(3.6)

In view of the structure of the operator A, it seems natural to look for a solution of the form P = [Pi,j (z) I]i,j∈n , where I is the identity operator and every Pi,j is a real valued function deﬁned on [0, 1] and is the (i, j)-entry of a symmetric matrix function z ∈ [0, 1] → P(z) ∈ Rn×n . The notation [Pi,j (z) I]i,j∈n is adopted here in order

LQ-FEEDBACK CONTROL FOR HYPERBOLIC SYSTEMS

901

to avoid any confusion between a matrix with scalar valued entries and an (multiplication) operator matrix. By a straightforward calculation, the following identities can be shown to hold: P A = P A0 + P M and A∗ P = A∗0 P + M ∗ P,

(3.7)

where the operator A0 is the unbounded linear diagonal operator deﬁned on its domain dx ∈ H and x(0) = 0 D(A0 ) := x ∈ H : x is a.c., dz by

⎡ ⎢ ⎢ A0 := ⎢ ⎣

d. − dz 0 .. .

0 d. − dz .. .

0

0

... ... .. .

0 0 .. .

⎤ ⎥ ⎥ ⎥, ⎦

(3.8)

d. . . . − dz

and the operator M is given by M = [Mi,j (z) I]i,j∈n . On the other hand, it can be shown that P A0 + A∗0 P =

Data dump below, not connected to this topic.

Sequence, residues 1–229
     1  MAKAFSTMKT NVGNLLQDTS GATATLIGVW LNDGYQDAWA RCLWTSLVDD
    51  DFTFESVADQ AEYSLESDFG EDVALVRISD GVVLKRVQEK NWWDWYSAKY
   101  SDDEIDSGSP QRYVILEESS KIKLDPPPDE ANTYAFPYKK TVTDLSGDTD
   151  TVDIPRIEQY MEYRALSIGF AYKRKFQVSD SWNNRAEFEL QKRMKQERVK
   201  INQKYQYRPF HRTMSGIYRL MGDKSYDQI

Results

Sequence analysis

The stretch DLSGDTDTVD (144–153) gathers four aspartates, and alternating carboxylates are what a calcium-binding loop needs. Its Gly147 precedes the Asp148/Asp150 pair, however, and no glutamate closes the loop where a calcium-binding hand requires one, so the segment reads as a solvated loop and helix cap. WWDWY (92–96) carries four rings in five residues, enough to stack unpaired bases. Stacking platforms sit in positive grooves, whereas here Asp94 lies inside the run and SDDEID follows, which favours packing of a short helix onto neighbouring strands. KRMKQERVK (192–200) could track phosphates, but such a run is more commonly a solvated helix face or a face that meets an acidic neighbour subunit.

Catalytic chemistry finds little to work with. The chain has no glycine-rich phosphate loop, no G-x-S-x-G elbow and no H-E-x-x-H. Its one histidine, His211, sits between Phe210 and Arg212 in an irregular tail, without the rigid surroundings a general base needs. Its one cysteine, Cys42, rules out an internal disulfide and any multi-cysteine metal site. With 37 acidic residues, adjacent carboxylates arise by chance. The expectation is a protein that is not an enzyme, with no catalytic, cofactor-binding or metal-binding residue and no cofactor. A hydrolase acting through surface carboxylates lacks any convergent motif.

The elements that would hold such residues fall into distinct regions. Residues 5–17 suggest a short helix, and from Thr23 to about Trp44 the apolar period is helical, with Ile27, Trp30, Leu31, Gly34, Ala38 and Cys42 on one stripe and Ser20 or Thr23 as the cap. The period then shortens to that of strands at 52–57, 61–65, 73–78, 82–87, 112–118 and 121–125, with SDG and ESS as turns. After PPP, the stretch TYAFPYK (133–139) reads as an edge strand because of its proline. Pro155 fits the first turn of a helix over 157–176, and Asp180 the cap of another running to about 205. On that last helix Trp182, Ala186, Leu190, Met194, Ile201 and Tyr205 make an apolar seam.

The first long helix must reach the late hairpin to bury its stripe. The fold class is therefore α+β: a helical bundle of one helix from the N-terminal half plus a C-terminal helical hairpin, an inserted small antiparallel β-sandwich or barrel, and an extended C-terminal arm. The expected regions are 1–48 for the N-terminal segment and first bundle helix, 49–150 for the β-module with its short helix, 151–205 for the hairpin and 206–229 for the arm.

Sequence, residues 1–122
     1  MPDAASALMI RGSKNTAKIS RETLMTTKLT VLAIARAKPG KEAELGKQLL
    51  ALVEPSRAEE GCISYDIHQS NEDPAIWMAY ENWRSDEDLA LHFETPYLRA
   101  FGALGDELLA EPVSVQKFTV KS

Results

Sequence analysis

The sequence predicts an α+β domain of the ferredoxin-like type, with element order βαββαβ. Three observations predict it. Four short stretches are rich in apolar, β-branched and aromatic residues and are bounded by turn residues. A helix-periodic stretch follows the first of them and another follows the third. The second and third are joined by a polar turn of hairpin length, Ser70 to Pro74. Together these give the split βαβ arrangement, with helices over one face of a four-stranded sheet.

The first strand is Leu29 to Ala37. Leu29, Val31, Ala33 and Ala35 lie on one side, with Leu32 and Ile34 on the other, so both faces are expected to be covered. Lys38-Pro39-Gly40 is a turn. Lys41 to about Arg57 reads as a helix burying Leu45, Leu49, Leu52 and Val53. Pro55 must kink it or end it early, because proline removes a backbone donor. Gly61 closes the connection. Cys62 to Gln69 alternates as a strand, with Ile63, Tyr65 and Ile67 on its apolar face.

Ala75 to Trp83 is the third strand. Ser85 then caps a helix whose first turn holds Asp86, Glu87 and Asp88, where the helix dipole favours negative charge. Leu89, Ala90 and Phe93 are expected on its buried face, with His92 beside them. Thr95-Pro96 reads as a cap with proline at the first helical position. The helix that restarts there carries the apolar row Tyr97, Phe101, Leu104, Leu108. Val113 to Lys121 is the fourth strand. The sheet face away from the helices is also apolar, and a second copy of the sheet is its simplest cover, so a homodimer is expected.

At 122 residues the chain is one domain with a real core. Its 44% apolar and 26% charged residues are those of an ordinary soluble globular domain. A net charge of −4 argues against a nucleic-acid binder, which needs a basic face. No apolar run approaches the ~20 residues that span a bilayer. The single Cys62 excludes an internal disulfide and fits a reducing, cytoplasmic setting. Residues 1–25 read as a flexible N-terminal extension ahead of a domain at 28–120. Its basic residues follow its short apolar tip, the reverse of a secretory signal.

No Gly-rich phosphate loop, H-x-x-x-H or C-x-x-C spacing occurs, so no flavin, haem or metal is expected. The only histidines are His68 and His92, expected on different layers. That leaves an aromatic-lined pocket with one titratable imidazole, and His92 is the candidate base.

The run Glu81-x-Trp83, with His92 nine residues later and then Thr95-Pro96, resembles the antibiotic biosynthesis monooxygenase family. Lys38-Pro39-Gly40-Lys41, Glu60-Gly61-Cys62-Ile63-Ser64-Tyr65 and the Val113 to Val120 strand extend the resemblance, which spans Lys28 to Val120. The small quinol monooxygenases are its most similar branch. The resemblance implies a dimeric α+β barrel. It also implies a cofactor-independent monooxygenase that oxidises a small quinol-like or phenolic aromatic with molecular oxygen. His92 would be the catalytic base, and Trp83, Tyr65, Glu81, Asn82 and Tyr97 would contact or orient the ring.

dP · dz

(3.9)

Therefore, if the matrix P := [Pi,j (z)]i,j∈n is the positive deﬁnite solution of the MLDE (3.5), then the operator P := [Pi,j (z)I]i,j∈n is a solution of the OLAE (3.6), since the ﬁnal condition P(1) = 0 implies that P (D(A)) ⊂ D(A∗ ). Moreover this solution is positive deﬁnite. Indeed, for any x ∈ H, one has

P x, x H =

1

(xT (z)P(z)x(z))dz.

0

Hence one can conclude that P is also positive deﬁnite since the matrix function P is positive deﬁnite on [0, 1] by Lemma 3.1. The following result is an obvious consequence of Theorem 3.1 (see e.g. [13]). Corollary 3.1. The operator pair (A, B) is exponentially stabilizable and the operator pair (C, A) is exponentially detectable.

3.2. Reachability and observability The second question concerns the reachability of (A, B), where A is given by (2.6)–(2.7) and B is given by (2.8). Noting that the fact that the reachability operator Lyapunov algebraic equation can be related to some matrix Lyapunov diﬀerential equation leads to the following result: Theorem 3.2. Let A and B be the operators deﬁned by (2.6)–(2.7) and (2.8), respectively. Let M and N be the matrices deﬁned by (2.10). If the matrix pair (M, N ) is totally controllable on [0, 1] then the operator pair (A, B) is reachable. Proof. First recall that the operator A generates an exponentially stable C0 -semigroup. Then by [13], Theorem 4.1.23, p. 160, the extended reachability gramian, denoted by LB , is the unique self-adjoint solution of the following OLAE: LB (D(A∗ )) ⊂ D(A),

and [ALB + LB A∗ + BB ∗ ]x = 0, x ∈ D(A∗ ).

(3.10)